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Failing Septic Spawns Request for Sewer

Second time in a year for Boswell Lane.

The county must decide, for the second time in a year, if a property on Boswell Lane should be allowed sewer service.

A home on the 10400 block of Boswell has applied for sewer service as a result of a failing septic system. “It’s showing signs of failure,” said Alan Soukup of the County Department of Environmental Protection. “An on-site solution is not likely.” The property owner did not return The Almanac’s calls for comment.

Although the property lies outside of the county’s sewer envelope, inside the Piney Branch impact area and would not be allowed to receive sewer under the Master Plan, a failed septic system trumps those concerns.

However, some are concerned that the septic system has not actually failed. “You have to meet the requirements that are in the Piney Branch Restricted Access Policy,” said Susanne Lee, president of West Montgomery Citizens Association.

According to those requirements, a septic system must have failed, not simply show signs of failure, in order to qualify for public sewer service.

Limiting sewer service is a powerful method to control density. Even though areas of Potomac are zoned for two houses to the acre, in some areas many fewer houses can be built because there is no sewer service and the ground will only allow limited septic fields. Exceptions to sewer boundaries can lead to more development by allowing access to sewer.

“You’re sort of weighing the environmental impact of crossing the stream versus the impacts of failing septic,” said Keith Levchenko of the County Council Staff.

The current property, the Warner property, is just a few hundred feet from the R.A.M. Investing property which had requested approval for a sewer line last November.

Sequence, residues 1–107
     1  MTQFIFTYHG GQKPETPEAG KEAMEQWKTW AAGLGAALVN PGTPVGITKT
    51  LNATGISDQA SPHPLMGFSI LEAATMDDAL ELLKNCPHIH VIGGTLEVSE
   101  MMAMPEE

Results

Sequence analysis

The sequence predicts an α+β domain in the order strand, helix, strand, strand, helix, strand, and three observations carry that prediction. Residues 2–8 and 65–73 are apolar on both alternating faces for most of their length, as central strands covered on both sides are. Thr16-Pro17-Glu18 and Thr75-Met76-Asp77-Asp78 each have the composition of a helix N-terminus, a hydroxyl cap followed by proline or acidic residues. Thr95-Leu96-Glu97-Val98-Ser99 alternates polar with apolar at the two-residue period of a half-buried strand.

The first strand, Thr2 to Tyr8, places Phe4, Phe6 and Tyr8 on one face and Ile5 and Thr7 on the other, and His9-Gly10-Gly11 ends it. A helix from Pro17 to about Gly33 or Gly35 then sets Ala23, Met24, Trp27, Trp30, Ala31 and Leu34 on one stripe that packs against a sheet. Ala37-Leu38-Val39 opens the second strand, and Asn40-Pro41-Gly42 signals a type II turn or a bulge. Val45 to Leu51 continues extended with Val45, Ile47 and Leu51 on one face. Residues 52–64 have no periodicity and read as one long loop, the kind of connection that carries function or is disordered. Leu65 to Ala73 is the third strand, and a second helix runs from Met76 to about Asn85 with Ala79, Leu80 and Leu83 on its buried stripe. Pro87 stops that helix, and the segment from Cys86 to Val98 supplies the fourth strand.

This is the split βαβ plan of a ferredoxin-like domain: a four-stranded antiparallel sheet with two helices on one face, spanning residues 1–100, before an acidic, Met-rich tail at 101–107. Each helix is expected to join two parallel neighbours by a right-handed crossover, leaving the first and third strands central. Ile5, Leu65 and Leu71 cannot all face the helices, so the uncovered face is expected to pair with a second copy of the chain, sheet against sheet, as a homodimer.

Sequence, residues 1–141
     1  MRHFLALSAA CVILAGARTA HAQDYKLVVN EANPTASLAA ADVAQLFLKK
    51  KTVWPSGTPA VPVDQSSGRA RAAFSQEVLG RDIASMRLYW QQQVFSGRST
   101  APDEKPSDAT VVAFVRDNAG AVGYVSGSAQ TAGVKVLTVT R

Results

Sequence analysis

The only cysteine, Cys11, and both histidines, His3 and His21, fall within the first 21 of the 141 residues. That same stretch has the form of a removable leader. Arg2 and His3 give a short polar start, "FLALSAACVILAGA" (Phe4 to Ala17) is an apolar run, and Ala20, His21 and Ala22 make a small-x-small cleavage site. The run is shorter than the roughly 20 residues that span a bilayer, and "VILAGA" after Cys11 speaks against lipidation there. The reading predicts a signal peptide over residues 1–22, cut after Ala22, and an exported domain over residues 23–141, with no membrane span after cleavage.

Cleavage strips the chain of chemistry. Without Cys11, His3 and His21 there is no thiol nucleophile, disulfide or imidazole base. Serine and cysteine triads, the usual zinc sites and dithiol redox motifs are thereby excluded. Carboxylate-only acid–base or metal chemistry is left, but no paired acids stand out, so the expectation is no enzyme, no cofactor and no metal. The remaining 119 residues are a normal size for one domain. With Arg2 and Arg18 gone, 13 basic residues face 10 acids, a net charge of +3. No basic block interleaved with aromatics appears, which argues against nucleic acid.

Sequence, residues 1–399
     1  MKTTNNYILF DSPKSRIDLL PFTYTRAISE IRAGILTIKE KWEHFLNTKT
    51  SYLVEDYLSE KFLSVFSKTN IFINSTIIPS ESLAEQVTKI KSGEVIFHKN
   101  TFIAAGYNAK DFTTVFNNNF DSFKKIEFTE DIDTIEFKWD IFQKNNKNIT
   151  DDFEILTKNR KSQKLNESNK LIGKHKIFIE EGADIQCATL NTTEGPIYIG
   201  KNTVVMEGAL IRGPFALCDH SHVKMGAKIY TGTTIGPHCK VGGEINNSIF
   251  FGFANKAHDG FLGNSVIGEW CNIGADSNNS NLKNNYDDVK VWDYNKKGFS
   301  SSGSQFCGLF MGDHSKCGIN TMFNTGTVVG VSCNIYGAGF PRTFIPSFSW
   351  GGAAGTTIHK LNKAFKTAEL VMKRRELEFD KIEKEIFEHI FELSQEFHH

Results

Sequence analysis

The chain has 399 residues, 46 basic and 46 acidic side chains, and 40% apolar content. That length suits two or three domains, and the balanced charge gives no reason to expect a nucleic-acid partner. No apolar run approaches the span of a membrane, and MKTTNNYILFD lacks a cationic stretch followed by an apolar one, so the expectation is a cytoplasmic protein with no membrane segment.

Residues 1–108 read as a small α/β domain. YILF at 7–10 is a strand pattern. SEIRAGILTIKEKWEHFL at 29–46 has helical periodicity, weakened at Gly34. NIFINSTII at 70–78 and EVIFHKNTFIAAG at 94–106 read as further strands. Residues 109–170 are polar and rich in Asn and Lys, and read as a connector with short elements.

Their request was approved on the last day of a lame-duck council session without having been placed on the agenda, and generating an uproar among Potomac civic activists. West Montgomery Citizens Association officials were as much upset by the overturning of a provision of the Potomac Master Plan without notice as they were about the sewer extension.

The R.A.M. site raises some questions, the site’s approval was approved only if one specific alignment was found acceptable by the Washington Suburban Sanitary Commission (WSSC). The line to the Warner property would be coming from the opposite direction.

If both were approved, WSSC would not be likely to want to extend two sewer lines, from opposite directions, to two properties which are very close to each other. “From our perspective, an engineering perspective, we would only want to put in one line,” said Chuck Brown, spokesman for WSSC. “Everybody is aware that there is another proposed sewer.”

The council, as final arbiter of sewer issues in the county, would need to decide which alignment it would be willing to allow. “One way or the other, it would have to come back to the council,” Levchenko said.

Even if it is approved, that does not guarantee that WSSC will bring sewer to the property. “The approval just means you’re eligible,” Levchenko said.

Typically, WSSC will charge the customer for the expense of putting in the sewer line, less the cost of any additional hook-ups they may add along the way.

“We issued a letter of findings to the Warners on May 14,” Brown said. He said in that letter, WSSC states that extending sewer service to the property would cost the Warners just over $127,000.